Miller cautions Iowans to be wary of anyone claiming miraculous health benefits for their products, and to be doubly wary when the pitches come from strangers over the phone, or online.
“The travelling snake oil merchants of long ago have modern counterparts, using technology to hawk their elixirs, often to desperate individuals who want to believe,” Miller said. “We stop these abuses when we can, but a healthy dose of skepticism is always good preventive medicine.”
Avoid risking your money – or even your health – on bogus health remedies:
- Those who try to profit from health fraud scams often make claims about preventing, treating or curing various ailments and conditions, and they promote other purported benefits. Claims often involve weight loss, “anti-aging,” arthritis, sexual enhancement, body building, and even life-threatening conditions such as cancer.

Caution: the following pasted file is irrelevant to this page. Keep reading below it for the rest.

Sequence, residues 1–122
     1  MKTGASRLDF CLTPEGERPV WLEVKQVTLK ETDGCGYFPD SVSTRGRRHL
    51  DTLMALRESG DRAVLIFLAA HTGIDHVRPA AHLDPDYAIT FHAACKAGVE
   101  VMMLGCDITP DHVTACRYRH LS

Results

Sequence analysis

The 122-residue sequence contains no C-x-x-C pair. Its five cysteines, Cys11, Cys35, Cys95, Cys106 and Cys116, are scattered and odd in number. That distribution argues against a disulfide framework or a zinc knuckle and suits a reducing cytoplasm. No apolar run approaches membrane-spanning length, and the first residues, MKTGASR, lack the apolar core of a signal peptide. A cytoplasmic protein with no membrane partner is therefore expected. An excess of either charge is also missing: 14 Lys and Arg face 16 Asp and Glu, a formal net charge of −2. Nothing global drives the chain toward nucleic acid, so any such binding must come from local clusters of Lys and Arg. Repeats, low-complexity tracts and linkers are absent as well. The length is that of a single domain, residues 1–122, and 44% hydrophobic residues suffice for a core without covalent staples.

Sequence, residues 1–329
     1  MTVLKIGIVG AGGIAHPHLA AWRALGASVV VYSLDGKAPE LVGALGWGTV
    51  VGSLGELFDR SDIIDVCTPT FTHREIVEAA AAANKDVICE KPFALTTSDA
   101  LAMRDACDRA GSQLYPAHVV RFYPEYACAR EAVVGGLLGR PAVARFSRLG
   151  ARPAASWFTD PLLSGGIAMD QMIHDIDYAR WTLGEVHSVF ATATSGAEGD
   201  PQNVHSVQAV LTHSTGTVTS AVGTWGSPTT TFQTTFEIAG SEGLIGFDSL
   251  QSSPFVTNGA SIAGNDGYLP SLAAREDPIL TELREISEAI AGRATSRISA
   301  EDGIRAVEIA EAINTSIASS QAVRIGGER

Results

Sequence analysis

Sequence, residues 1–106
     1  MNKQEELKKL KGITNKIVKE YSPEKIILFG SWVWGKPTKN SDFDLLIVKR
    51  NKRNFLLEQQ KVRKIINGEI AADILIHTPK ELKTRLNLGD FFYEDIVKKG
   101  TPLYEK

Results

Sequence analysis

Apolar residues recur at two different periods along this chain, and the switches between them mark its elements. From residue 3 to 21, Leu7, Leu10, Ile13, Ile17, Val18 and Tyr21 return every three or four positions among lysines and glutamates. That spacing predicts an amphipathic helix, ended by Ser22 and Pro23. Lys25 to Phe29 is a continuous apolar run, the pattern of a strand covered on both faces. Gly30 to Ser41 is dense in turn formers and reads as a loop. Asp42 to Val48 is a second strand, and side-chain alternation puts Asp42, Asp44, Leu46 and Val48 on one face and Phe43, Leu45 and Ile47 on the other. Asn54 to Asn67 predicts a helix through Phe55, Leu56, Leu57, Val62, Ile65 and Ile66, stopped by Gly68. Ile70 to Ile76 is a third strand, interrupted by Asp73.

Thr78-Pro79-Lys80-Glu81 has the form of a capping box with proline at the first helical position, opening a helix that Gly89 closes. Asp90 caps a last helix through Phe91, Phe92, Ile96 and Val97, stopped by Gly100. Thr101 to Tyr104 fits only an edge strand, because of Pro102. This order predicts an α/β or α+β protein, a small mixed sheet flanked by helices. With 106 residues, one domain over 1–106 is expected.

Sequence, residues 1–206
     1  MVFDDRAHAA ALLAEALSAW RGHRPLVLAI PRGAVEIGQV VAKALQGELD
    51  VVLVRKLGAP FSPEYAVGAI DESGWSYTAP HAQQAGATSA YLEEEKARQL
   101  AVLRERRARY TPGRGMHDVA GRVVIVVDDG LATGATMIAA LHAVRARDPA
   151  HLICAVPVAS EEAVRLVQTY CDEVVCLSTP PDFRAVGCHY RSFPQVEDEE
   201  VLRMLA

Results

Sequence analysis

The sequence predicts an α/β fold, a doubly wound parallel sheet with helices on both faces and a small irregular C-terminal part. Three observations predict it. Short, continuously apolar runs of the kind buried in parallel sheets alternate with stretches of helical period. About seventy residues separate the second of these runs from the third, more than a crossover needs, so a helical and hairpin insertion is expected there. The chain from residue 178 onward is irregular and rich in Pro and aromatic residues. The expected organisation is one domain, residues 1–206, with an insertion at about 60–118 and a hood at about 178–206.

- Beware of marketers that trumpet a “miracle cure,” “scientific breakthrough,” “new discovery” and any product that claims a “secret ingredient.”
- Get advice from trusted health professionals who know you and are best situated to evaluate the best treatments for you—particularly if you are currently taking prescription medication.
- With health fraud as with other consumer frauds, if it sounds too good to be true, it is almost certainly not true.
- Some fraudulent health care products can do much more than harm your wallet—they can harm your health. Serious conditions like cancer, diabetes & HIV require individualized treatments by a physician. Unproven products and treatments can be dangerous, and may cause harmful or even life-threatening delays in getting the proper diagnosis and appropriate treatments.
For more information or to file a complaint, contact the Consumer Protection Division through the Attorney General’s website at www.IowaAttorneyGeneral.gov or email directly to firstname.lastname@example.org. Consumers can also call the Consumer Protection Division at 515-281-5926, or outside the Des Moines area, toll free, at 1-888-777-4590.